“Govt stimulus creates 2300 jobs” reads the headline! It’s a bit misleading though. A more accurate headline would have been – “Labour Govt stimulus creates 2300 jobs”. How’s that, I hear you cry? Follow the money:
The Government estimates its economic stimulus package has created about 2300 jobs through increased infrastructure spending of more than $500 million. Last February the Government announced it was increasing or bringing forward planned spending on housing, roading and education infrastructure.
These jobs are attributed to National “increasing or bringing forward planned spending”, or in other words tinkering with the infrastructure plan of the last Labour government. Well at least National increased spending? They’d certainly like you to think so, but thanks to some real reporting by Tim Watkin we know otherwise:
The truth about National’s so-called stimulus: not a penny more
Pundit has finally received answers from Bill English’s office about the government’s stimulus package. Contrary to the spin, the government is re-announcing already promised money, it has not added a cent to its spending since December, and while the rest of the world ups the ante, New Zealand is sitting on its hands
Last December the government confirmed that its new spending combined with Labour’s already committed spending would total $9b over the next three years. Every spending announcement since the business tax reform, the new bridges and schools hasn’t been about new money, it’s merely been telling us how that $9b would be spent. While the economy tanks and the rest of the world commits hundreds of billions in new spending, New Zealand hasn’t changed its fiscal plans one iota.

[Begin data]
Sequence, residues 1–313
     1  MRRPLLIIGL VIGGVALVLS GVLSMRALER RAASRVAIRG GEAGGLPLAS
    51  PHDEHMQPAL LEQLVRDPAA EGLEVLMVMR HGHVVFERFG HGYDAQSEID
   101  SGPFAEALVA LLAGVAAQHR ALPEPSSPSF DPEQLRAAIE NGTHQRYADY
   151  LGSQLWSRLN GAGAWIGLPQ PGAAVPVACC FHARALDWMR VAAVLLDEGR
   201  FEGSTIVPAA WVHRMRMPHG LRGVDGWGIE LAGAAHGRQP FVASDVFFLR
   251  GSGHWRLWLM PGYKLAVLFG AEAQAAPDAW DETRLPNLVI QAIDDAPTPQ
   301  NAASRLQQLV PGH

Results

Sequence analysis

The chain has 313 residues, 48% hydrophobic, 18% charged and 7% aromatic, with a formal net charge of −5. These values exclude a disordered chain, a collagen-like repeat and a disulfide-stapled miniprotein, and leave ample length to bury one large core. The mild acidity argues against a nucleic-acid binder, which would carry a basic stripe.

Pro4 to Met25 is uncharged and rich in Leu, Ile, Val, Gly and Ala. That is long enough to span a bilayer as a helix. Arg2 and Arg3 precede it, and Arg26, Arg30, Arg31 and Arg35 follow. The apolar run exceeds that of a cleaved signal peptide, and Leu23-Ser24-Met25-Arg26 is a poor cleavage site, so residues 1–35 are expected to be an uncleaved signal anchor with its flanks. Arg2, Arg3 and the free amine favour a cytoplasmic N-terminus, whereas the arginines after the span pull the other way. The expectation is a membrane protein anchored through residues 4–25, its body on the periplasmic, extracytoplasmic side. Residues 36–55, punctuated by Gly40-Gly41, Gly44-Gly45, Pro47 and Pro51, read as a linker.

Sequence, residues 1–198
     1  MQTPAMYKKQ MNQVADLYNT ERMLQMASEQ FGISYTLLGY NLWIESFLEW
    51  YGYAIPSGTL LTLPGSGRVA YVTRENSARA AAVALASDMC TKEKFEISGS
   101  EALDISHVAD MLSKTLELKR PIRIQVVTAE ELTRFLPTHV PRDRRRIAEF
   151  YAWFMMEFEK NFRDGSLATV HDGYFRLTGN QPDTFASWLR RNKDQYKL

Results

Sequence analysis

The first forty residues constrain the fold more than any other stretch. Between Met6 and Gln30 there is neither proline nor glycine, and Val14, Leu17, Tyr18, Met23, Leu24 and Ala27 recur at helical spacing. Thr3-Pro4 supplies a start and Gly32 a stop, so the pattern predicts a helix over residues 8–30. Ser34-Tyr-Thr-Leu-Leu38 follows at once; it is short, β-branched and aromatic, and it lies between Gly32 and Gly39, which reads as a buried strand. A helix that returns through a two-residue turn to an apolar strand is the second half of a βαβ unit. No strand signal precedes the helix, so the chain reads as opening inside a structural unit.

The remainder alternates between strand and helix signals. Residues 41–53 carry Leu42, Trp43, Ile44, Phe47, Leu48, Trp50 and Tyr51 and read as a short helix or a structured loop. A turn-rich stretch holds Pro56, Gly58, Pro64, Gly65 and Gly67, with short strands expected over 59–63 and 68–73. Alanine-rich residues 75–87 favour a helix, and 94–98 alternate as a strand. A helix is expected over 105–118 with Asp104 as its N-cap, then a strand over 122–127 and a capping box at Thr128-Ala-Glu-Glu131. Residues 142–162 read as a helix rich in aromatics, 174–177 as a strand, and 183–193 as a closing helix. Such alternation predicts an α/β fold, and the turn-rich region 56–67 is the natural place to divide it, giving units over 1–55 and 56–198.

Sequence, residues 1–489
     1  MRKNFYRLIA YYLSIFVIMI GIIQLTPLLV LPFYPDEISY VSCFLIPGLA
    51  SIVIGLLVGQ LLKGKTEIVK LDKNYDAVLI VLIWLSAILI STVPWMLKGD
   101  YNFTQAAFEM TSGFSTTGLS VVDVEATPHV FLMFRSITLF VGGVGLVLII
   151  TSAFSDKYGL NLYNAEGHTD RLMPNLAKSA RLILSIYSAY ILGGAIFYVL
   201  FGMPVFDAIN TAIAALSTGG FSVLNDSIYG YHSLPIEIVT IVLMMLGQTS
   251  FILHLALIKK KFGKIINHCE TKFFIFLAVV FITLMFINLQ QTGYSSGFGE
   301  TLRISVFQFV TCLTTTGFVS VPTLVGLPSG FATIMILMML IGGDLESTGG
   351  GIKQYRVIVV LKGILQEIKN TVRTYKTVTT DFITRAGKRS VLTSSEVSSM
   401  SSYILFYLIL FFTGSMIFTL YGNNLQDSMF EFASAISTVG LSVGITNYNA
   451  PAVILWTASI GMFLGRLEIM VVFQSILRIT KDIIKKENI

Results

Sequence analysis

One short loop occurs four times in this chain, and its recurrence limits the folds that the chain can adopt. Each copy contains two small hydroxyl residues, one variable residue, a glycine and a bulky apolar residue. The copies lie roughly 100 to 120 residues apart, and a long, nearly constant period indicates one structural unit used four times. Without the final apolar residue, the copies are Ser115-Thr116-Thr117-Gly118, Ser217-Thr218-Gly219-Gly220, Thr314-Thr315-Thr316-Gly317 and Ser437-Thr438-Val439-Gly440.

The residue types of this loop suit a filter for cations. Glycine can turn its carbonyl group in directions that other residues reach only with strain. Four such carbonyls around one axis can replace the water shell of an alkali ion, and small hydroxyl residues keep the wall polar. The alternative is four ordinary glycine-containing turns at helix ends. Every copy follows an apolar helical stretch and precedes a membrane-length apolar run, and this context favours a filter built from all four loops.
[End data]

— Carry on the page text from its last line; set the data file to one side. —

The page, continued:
The tragedy is that 2,300 jobs, however they were created, are just a drop in the bucket. There are almost 60,000 on the dole, and as Marty recently pointed out there are many more without work or enough work. National has done nothing about this rising tide (except hold a useless talkfest “Jobs Summit” of course).
Had Labour won the election the existing infrastructure programme would have been extended. Facts were easily lost in the hurly burly of the election campaign, but the fact was that unlike National, Labour had a real plan:
Key’s … speech at National’s campaign opening in Auckland’s SkyCity Convention Centre said nothing new on economic policy. In fact, it said nothing new about anything. … Helen Clark trumped Key by delivering the recovery package he had been demanding, including contingency plans to save jobs and the promise of a mini-budget in December.
Instead of 2,300 – how many new jobs would we be celebrating today if Labour had been able to put this plan in place?